Annemieke was given a Husqvarna Class 20 sewing machine for her eighteenth birthday by her parents. This was the machine that she used on her early pieces and it was particularly suited to the ‘free-sewing’ technique she developed. Husqvarna have been very supportive of Annemieke, and have supplied later-model sewing machines for her own use, and also sewing machines for the students in her workshops. In 1982, with Husqvarna, she exhibited and demonstrated at the Swedish Trade Fair at Centrepoint in Sydney, and was presented to King Carl XVI Gustaf of Sweden.

In 1980 Annemieke exhibited Frogs in ‘Australian Crafts 1980’, the Centenary Celebration Exhibition at the Meat Market Craft Centre in Melbourne, and it won the inaugural Hoechst Textile Award. As with Husqvarna, she has enjoyed a very happy relationship with Hoechst Australia Ltd. She uses their pigments in fabric paint, they have twice reported her work in their Hoechst Report, and they have helped with the costs involved in printing catalogues for her exhibitions at the National Gallery of Victoria in 1981, and the Woolloomooloo Gallery in 1984.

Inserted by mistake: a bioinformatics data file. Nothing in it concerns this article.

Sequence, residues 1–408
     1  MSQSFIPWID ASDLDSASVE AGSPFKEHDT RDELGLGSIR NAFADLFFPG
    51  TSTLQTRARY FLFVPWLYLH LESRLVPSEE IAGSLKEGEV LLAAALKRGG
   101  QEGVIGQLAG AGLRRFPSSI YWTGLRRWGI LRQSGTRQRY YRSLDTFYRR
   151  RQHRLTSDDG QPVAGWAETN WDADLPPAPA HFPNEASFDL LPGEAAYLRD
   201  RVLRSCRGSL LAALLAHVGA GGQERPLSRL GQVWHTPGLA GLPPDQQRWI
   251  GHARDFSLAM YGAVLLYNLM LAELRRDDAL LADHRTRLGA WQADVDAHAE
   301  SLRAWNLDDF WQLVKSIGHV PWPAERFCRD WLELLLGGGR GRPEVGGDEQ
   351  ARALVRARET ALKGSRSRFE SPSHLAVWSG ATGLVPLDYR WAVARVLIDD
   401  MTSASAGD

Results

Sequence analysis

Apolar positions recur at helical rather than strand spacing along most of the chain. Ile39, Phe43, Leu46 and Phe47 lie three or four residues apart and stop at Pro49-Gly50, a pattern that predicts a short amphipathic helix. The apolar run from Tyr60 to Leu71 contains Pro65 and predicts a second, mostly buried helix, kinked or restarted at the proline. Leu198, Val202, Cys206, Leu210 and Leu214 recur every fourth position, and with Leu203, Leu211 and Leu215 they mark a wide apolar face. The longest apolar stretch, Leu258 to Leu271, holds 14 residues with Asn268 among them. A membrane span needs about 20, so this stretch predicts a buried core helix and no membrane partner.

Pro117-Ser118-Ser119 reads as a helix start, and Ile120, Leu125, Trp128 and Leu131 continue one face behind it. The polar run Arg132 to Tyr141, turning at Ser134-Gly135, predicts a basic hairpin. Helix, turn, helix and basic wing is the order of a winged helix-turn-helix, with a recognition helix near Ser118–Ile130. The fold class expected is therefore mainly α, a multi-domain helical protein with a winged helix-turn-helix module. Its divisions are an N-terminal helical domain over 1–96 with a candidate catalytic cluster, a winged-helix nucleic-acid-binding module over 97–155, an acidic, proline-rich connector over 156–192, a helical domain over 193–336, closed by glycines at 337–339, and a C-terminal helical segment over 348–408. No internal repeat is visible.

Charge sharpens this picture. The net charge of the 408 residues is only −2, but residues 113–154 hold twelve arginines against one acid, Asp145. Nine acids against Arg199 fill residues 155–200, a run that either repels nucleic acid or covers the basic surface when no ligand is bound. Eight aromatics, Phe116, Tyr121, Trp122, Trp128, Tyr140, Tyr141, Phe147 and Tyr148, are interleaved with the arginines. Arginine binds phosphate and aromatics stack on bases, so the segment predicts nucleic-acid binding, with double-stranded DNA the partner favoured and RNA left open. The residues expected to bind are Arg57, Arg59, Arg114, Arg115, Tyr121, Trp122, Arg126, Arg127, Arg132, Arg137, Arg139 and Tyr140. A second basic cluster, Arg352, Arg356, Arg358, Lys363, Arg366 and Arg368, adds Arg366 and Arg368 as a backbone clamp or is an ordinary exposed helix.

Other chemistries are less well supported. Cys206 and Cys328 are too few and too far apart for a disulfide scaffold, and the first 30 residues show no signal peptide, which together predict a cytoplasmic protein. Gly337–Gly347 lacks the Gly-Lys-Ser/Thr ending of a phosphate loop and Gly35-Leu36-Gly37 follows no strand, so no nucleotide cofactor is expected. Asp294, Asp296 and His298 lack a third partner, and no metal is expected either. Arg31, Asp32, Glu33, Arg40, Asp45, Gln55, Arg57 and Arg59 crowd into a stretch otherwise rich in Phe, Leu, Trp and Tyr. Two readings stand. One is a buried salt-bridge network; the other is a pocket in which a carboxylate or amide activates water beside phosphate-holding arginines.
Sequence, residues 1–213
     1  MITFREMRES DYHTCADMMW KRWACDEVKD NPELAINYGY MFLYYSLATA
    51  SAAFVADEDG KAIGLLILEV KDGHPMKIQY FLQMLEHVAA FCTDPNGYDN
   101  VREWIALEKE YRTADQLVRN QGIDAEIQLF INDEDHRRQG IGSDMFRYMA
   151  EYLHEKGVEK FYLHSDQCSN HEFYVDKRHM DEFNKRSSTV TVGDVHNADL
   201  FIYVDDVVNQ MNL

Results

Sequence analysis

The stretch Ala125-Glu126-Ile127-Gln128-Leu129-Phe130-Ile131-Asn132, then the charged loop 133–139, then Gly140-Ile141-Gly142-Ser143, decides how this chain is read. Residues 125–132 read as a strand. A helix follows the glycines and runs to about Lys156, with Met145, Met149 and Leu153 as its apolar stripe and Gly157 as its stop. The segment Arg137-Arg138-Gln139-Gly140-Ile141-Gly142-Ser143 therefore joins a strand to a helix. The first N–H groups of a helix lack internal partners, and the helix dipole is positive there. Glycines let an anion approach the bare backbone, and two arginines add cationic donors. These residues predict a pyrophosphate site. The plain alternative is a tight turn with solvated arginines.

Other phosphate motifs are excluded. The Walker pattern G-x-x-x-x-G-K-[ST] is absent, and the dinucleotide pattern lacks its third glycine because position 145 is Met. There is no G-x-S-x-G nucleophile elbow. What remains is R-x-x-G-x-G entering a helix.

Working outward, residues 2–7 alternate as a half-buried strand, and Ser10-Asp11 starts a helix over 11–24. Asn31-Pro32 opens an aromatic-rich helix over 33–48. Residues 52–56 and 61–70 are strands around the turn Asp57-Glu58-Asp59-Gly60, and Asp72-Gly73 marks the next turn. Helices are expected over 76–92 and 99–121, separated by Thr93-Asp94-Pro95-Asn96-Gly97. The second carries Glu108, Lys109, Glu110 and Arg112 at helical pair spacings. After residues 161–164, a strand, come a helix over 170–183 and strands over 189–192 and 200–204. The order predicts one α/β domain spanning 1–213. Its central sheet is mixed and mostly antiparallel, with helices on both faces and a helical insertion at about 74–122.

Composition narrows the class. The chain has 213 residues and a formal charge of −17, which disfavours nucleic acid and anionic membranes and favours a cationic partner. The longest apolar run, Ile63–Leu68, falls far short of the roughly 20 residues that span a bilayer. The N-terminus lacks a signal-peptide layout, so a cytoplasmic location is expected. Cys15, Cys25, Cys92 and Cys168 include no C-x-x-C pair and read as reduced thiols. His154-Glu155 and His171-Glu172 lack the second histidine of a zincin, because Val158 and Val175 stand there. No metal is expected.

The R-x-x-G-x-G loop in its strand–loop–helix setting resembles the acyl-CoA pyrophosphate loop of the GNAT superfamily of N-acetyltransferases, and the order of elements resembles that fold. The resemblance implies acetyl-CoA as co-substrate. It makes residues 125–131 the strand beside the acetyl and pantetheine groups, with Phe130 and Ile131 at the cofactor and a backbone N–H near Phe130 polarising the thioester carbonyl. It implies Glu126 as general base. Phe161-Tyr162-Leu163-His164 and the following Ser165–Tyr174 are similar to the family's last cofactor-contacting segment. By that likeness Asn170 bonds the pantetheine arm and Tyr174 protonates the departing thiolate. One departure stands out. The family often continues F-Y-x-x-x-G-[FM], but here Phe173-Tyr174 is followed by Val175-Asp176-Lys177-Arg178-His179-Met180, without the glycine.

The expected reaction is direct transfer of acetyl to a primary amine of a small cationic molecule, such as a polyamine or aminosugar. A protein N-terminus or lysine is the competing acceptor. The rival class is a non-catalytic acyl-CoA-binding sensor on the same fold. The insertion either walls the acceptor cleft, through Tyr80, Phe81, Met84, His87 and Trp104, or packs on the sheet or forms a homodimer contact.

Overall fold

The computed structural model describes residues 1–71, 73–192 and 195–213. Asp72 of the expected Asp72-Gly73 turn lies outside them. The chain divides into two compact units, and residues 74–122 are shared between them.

Perhaps the most important exhibition Annemieke has staged was at the National Gallery of Victoria for their Department of Education Services. Called ‘Environmental Textiles’, it was officially opened by Dr Eric Westbrook on 14 October 1981. Annemieke further developed the ideas that she had started using at her exhibitions in Sale. Not only were there finished works on display, but there was a large amount of supporting educational material as well — initial sketches, working designs and layouts, colour plans, threads and fabrics used, and notes on her techniques. There were synchronised slide films showing how the works were made, mounted specimens, and a catalogue for schoolchildren to improve their observation and knowledge of the flora and fauna portrayed.